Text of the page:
Words lie in our way

Minds and Machines 4 (4):421-37 (1994)
  The central claim of computationalism is generally taken to be that the brain is a computer, and that any computer implementing the appropriate program would ipso facto have a mind. In this paper I argue for the following propositions: (1) The central claim of computationalism is not about computers, a concept too imprecise for a scientific claim of this sort, but is about physical calculi (instantiated discrete formal systems). (2) In matters of formality, interpretability, and so forth, analog computation and digital computation are not essentially different, and so arguments such as Searle''s hold or not as well for one as for the other. (3) Whether or not a biological system (such as the brain) is computational is a scientific matter of fact. (4) A substantive scientific question for cognitive science is whether cognition is better modeled by discrete representations or by continuous representations. (5) Cognitive science and AI need a theoretical construct that is the continuous analog of a calculus. The discussion of these propositions will illuminate several terminology traps, in which it''s all too easy to become ensnared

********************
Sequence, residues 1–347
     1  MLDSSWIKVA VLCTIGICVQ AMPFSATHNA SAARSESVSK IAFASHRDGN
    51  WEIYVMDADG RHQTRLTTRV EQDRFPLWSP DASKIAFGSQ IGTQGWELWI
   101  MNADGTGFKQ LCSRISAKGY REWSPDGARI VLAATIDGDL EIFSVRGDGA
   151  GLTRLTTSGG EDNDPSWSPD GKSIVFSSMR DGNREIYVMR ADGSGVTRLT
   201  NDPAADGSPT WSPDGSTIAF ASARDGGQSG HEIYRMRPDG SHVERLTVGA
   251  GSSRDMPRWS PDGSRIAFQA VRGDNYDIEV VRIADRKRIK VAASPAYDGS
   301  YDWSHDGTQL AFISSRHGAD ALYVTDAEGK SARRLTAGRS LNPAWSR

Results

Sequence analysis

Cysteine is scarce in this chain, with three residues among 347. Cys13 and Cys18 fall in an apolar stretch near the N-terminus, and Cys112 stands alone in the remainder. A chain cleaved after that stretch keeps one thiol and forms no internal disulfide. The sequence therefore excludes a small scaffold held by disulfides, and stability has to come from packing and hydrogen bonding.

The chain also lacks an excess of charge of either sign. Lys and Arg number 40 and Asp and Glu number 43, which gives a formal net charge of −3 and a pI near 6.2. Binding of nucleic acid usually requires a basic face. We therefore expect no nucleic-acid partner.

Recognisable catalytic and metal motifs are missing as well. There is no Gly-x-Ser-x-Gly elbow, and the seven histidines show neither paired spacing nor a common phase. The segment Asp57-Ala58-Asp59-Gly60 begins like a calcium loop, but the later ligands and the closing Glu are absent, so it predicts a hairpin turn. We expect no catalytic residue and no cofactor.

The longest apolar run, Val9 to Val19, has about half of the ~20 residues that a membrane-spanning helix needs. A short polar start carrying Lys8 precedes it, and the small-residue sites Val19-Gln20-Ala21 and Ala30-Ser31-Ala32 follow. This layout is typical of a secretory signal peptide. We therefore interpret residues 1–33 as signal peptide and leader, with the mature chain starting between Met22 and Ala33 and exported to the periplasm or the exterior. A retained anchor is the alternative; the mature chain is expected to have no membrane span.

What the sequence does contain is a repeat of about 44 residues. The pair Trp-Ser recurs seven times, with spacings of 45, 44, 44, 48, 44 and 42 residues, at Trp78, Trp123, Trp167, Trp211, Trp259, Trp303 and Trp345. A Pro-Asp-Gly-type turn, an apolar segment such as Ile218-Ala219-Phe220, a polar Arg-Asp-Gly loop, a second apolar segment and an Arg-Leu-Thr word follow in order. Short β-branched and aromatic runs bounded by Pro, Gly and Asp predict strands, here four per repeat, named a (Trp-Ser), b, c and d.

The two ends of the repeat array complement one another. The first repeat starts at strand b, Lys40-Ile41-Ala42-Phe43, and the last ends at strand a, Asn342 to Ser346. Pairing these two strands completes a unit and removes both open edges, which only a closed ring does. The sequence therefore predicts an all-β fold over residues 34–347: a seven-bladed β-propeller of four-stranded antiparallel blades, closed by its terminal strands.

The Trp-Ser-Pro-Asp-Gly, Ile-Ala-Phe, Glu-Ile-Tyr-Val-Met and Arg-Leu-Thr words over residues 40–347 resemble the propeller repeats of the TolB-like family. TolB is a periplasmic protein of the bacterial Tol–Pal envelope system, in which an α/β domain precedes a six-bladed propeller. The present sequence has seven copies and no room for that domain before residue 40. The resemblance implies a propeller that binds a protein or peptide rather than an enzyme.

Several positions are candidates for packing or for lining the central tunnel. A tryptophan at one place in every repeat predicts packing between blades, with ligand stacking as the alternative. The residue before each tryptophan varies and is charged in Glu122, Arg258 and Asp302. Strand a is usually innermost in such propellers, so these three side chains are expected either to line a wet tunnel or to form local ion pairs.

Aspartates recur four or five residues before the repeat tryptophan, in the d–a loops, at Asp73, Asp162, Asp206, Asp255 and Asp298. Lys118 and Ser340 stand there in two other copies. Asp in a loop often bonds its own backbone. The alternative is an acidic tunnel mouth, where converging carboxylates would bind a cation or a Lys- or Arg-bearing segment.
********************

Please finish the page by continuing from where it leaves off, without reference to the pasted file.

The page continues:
Keywords Argument  Calculus  Computation  Logic  Science  Word
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DOI 10.1007/BF00974168
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References found in this work BETA
Stevan Harnad (1990). The Symbol Grounding Problem. Philosophical Explorations 42:335-346.
John R. Searle (1990). Is the Brain a Digital Computer? Proceedings and Addresses of the American Philosophical Association 64 (November):21-37.

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